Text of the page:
4/28/02, E5A

…and you still do not know me?”
John 14: 1-15

eing known requires being real and this is why so many people are never really known. Sometimes you can almost hear the question asked, "Who was that guy?"

Being known requires vulnerability and transparency and these are two more reasons why some folks are never really known by true friends. Sure, sometimes we are all pressed into being actors on a stage, playing a role, assuming an identity that is not our own. The judge has to act the role of the judge; but, unless we are knowable with friends and family, we can not truly know others. Knowing ourselves is prerequisite for knowing God. Salvation is prerequisite for being used by him in building his church.

Being a real person requires breaking out of the mold that societal constraints have locked us into and revealing our true identity to friends. Superman becomes Clark Kent, a mild mannered reporter. No more capes and quick changes in telephone booths; actually, there are no more telephone booths anyway.

Some of Jesus' saddest words are asked of his longtime Apostle Philip, "and you still do not know me? Jesus had been open and honest with his followers, but they were still looking for a messianic magician who could wink and make it happen. He was real with them but they missed him. Missing him was a worse mistake than being missed by him. Missing him causes us to miss out on God's mission for our lives, and for our church's life. God Almighty wants to empower us to accomplish a greater vision!

This theme of the first followers of Jesus being so slow to catch on to the true nature of his messiahship recurs throughout the gospels. In last Sunday's lesson Jesus drew an analogy between himself and a shepherd as keeper of the gate, but the disciples did not get it. (Jn. 10:6). They had been camping out under the stars with him for several years, listening to his preaching, teaching, seeing his miracles, yet they seemed thickheaded.

We identify with this theme of apostolic dullness because we are all sometimes loggerheads when it comes to catching hold of new spiritual perceptions. Sometimes we can't even get the simple ideas if they are different from the notions we have grown up with. We are often close minded, as were the folks of Jesus' day.

We church folks are sometimes the last ones to catch on to what God can do in our world. For example, some who have been in and out of our church for the past few years have refused to believe that God could bring about resurgence. We would be much further down the road if everyone who had the opportunity could have caught on but, as with the Apostles, some have doubted. Perhaps this is to be expected because of fallen human nature. Only after experiencing his resurrection were Jesus' disciples transformed into dynamos of salvation that resulted in explosive growth in the Church.

From a secular view there would be little chance for a successful local church in the heart of a busy city. However, over fifty-percent of the largest churches in America are in the center city. Not everyone will join the local church in their suburban community. The cathedrals of the great cities of this world are always in the core of cities. Yet, there are folks who cannot see this because our American dream has put a car in every garage and a local church a mile down the road next door to the public school.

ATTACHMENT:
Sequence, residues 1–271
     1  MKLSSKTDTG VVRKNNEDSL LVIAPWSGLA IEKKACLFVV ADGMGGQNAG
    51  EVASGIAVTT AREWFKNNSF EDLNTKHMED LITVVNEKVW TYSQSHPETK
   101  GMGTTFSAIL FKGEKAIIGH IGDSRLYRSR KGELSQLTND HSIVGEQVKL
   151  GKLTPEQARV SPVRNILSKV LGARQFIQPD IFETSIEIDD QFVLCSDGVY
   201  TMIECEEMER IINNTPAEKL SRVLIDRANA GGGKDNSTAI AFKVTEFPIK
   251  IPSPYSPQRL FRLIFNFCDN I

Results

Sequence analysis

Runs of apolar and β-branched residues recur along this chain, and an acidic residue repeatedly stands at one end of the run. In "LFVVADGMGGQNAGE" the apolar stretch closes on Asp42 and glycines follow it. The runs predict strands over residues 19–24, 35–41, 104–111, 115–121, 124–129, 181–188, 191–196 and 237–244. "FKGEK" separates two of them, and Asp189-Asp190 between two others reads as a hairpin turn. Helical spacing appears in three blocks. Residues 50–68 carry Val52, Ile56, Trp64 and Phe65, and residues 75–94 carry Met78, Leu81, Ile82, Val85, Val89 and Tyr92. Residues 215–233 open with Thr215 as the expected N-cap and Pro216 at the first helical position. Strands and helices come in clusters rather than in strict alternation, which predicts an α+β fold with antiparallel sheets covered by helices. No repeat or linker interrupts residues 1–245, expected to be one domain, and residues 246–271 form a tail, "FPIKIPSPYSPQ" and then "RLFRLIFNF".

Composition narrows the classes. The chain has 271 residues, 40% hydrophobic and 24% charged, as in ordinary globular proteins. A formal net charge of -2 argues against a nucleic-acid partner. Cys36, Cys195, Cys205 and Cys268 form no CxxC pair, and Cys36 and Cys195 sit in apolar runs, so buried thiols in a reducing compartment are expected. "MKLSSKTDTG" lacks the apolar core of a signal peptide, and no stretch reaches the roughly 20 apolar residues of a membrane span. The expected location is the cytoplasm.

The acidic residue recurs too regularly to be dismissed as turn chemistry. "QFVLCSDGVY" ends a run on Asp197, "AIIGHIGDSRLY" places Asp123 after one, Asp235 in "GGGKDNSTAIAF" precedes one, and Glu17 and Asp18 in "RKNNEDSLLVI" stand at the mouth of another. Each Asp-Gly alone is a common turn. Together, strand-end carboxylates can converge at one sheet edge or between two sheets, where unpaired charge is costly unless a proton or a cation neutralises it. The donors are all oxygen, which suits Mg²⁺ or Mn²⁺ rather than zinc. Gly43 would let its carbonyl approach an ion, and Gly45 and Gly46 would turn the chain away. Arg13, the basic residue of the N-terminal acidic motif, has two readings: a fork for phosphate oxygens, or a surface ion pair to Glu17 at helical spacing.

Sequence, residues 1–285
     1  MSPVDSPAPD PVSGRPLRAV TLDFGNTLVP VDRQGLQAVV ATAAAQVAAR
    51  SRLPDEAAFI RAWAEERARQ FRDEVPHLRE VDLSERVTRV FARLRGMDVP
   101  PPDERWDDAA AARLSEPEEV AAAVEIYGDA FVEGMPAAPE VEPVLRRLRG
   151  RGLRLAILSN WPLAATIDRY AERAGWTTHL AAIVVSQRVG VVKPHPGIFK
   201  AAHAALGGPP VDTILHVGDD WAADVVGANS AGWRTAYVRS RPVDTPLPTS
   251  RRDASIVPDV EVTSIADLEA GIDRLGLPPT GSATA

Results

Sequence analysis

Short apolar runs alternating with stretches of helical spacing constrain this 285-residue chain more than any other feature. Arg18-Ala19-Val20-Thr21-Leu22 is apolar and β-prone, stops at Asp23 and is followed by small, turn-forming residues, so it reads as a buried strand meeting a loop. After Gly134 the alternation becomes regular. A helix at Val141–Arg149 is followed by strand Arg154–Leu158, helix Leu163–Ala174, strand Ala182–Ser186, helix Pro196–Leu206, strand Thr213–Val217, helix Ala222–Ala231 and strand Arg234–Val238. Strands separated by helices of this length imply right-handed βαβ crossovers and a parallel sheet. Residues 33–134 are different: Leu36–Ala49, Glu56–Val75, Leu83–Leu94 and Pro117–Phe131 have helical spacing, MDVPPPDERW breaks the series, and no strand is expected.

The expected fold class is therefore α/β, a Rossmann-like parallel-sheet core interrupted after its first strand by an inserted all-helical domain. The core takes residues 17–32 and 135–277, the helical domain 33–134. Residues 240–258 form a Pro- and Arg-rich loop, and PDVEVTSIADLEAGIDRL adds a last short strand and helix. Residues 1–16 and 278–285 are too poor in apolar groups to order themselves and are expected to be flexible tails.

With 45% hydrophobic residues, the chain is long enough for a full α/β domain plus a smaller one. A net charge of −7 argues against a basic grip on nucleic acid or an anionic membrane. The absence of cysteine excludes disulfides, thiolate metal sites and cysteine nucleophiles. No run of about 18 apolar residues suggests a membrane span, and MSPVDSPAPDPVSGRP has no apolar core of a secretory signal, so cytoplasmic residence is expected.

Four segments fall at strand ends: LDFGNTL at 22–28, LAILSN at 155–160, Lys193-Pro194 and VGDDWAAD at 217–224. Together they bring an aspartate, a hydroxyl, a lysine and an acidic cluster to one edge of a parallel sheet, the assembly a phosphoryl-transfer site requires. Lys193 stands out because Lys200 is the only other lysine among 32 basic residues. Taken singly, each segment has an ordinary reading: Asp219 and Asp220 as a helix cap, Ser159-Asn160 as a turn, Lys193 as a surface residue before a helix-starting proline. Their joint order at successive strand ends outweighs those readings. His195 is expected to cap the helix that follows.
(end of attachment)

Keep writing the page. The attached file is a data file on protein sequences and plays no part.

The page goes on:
Others can not catch on because they have no confidence in the Almighty. Their thoughts are limited by pre-Easter notions of the powerlessness of Christ. Like the pre-Easter followers of Jesus, many have no real experience of grace. Lots of folks hang around the church for years and never catch on. As my mentor Dr. Pierce Harris used to say from this pulpit, "Sitting in a church doesn't automatically make you a Christian anymore than sitting in a chicken house turns you into a chicken."

This was the exact problem with "Doubting" Thomas who came to Jesus and said (after having known him for years) "Lord. We do not know where you are going. How can we know the way?" (v.5). The Apostle Philip said, "Lord, show us the Father, and we will be satisfied." (v.8).

This is the exact problem of many doubters who sit in the pews of America's churches. They have not yet experienced God in their own lives so they can't believe that he can do anything much in the life of their church. Sadly, many of these reluctant church members impede the growth of their churches by doubting whenever a new program or idea comes up. They do not expect God to go beyond the littleness of their vision. This attitude scares prospects away and impedes the work of those who do believe.

Our growth during these past few years has come about because the majority have seen the light, have caught hold of the vision and have done their part in implementing God's plan for our church. Nothing great is ever done for Christ until folks catch on to his vision for their personal lives, and their church's life.

The Good News is that both Thomas and Philip became energetic missionaries in building Christ's Kingdom. Likewise, it is God's plan to reach every one of us, to implant within us a new vision and to corporately use our vision to invigorate our march toward resurgence as a church. There is no telling what God could do if we would turn our lives over to him completely! He wants to put a purpose in our hearts and a gleam in our eyes!

a sermon synopsis by C. Robert Allred, Th.D., Pastor

4/28/02, E5A